There is a standard in vice as well as in virtue. While some are held up as models of virtue, others may be regarded as the very personification of evil. We should learn to profit by both,—be encouraged by one, and warned by the other.
The unfortunate boy whose history I am detailing finally became a proverb in his native town. Good mothers often exhorted their children not to be like Charles Duran! Who of my little readers would like such a distinction as this? Try to live so that parents may point you out as good examples for their children to follow.
THE FATAL NIGHT.
In country villages, as well as in larger cities, parties often meet for dancing; and balls are frequently held, especially in the winter season. Many young people, whose thoughts and time are not better occupied, seem to derive a great deal of pleasure from such amusements.
These gatherings frequently embrace a large number of the young of both sexes, from the towns in which they are held, and often many from neighboring towns. They are usually held at some tavern where rum is sold. The parties arrive in the forepart of the evening, and the dance commences at eight, or from eight to nine o’clock, according to arrangement. Wine, cordials, and other stimulating drinks, are freely furnished, and freely used. Toward midnight, when chaste young ladies and sober young men should be at home, the ball-supper is served up. Rich viands and sparkling drinks are on the table. One becomes drunken, and another surfeited. The sound of the viol is again heard, and the merry dance is kept up till near morning light. The parties then gradually retire. Some of the young ladies, from over excitement in the ball-chamber, and subsequent exposure to the night air, take severe colds, become speedily consumptive, and from the place of rioting and mirth are carried to the grave! In this country, where consumption is so prevalent, and accomplishes its work so rapidly, the distance from the midnight ball-room to the grave is very short.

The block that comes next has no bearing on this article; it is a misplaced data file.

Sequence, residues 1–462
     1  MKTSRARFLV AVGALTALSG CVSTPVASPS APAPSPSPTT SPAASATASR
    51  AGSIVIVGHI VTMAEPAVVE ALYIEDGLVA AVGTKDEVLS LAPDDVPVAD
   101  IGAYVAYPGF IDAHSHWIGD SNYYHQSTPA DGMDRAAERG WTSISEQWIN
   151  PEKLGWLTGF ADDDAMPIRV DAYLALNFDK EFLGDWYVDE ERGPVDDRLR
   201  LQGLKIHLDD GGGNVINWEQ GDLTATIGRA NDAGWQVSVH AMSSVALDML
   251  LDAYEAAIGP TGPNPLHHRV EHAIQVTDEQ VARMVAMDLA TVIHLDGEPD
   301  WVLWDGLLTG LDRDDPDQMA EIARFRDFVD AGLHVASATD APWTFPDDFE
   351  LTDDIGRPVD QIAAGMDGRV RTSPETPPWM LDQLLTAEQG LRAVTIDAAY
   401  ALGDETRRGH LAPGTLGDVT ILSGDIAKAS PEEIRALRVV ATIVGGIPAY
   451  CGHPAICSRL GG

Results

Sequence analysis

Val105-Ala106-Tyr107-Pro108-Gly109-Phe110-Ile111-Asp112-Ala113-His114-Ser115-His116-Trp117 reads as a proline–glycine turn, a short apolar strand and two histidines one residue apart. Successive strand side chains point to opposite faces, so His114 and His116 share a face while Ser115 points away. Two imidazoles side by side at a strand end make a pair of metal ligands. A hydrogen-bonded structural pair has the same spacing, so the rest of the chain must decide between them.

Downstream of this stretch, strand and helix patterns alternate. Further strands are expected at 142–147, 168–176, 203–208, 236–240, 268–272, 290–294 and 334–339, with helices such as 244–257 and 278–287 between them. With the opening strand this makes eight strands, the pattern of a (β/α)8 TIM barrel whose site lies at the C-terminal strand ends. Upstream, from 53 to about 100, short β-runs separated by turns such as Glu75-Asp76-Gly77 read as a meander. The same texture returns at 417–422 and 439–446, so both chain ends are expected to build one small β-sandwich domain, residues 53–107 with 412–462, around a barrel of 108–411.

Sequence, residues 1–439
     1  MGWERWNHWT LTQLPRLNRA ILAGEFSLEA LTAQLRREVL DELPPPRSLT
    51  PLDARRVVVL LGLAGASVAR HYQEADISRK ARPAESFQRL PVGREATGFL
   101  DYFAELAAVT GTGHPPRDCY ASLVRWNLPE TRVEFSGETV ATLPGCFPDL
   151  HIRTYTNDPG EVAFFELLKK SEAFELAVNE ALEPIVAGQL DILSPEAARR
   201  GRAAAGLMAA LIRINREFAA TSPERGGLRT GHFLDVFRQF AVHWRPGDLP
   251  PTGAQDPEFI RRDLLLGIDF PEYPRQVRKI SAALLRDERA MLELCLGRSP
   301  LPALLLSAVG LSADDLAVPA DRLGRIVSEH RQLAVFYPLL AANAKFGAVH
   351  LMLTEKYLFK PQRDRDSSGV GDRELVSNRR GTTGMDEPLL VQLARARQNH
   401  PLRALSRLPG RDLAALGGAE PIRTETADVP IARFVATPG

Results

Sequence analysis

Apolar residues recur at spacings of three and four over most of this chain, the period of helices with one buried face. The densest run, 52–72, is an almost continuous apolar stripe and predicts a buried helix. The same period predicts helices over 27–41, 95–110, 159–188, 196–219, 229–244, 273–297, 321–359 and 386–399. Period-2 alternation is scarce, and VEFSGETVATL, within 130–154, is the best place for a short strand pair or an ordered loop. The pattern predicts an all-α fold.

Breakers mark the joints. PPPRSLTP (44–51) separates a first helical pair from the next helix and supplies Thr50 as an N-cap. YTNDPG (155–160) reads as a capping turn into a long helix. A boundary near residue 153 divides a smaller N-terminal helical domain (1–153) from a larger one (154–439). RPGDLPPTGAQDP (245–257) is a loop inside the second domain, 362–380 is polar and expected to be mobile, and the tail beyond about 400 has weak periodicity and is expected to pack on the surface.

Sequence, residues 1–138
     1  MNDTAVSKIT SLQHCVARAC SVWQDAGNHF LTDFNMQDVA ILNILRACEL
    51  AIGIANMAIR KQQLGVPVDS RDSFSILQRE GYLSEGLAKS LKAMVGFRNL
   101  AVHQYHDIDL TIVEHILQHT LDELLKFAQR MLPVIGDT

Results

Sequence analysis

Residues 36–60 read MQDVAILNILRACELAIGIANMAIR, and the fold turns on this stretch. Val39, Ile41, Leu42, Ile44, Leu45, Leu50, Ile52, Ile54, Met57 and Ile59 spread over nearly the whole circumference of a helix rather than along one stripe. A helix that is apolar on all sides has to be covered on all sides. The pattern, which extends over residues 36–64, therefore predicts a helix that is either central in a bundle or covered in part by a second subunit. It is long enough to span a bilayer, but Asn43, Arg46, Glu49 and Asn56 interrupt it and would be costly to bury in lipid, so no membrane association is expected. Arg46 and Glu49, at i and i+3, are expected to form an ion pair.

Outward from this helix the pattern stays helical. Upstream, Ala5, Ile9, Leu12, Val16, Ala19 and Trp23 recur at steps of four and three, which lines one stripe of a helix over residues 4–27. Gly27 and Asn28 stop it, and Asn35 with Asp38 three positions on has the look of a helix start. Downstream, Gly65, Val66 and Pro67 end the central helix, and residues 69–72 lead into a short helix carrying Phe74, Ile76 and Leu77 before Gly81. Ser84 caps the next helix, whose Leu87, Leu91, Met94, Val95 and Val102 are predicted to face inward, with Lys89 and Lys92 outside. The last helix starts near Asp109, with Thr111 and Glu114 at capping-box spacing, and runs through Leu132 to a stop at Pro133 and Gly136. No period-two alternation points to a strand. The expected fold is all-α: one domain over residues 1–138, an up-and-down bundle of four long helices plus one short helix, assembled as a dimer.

Most young men who attend balls go home inflamed with wine. I say most of them. It is not unfrequently the case, however, that some of them cannot get home. They have to stay behind until they have, in a measure, slept off the fumes of strong drink: and then, with bloodshot eyes, fetid breath, and staggering gait, they reach their homes. Such young men have received a new impetus in the way that leads to destruction, and such are the common fruits of a village ball.
Why do fathers and mothers,—and some of them professedly Christian parents, too,—allow their daughters to mingle in these scenes, and expose themselves to the contaminating influence of such associations? How any well-disposed mother can do this I am at a loss to determine.